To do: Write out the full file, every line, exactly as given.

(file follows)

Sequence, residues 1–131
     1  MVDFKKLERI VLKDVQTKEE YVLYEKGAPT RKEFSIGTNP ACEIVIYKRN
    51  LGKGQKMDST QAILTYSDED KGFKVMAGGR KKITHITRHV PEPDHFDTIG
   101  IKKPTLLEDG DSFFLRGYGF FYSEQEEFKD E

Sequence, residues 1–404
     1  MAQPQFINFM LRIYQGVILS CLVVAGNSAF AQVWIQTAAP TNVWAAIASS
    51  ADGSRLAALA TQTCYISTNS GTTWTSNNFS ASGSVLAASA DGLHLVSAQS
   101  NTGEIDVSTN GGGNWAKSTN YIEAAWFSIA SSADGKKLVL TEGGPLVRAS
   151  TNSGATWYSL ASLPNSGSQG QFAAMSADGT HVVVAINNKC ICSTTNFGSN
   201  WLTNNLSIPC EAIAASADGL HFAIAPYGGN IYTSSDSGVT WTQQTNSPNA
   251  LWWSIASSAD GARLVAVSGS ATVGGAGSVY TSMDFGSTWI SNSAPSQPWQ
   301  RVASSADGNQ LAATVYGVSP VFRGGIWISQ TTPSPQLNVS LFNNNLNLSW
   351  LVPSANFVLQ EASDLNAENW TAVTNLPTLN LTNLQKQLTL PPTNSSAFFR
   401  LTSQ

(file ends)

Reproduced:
Sequence, residues 1–131
     1  MVDFKKLERI VLKDVQTKEE YVLYEKGAPT RKEFSIGTNP ACEIVIYKRN
    51  LGKGQKMDST QAILTYSDED KGFKVMAGGR KKITHITRHV PEPDHFDTIG
   101  IKKPTLLEDG DSFFLRGYGF FYSEQEEFKD E

Sequence, residues 1–404
     1  MAQPQFINFM LRIYQGVILS CLVVAGNSAF AQVWIQTAAP TNVWAAIASS
    51  ADGSRLAALA TQTCYISTNS GTTWTSNNFS ASGSVLAASA DGLHLVSAQS
   101  NTGEIDVSTN GGGNWAKSTN YIEAAWFSIA SSADGKKLVL TEGGPLVRAS
   151  TNSGATWYSL ASLPNSGSQG QFAAMSADGT HVVVAINNKC ICSTTNFGSN
   201  WLTNNLSIPC EAIAASADGL HFAIAPYGGN IYTSSDSGVT WTQQTNSPNA
   251  LWWSIASSAD GARLVAVSGS ATVGGAGSVY TSMDFGSTWI SNSAPSQPWQ
   301  RVASSADGNQ LAATVYGVSP VFRGGIWISQ TTPSPQLNVS LFNNNLNLSW
   351  LVPSANFVLQ EASDLNAENW TAVTNLPTLN LTNLQKQLTL PPTNSSAFFR
   401  LTSQ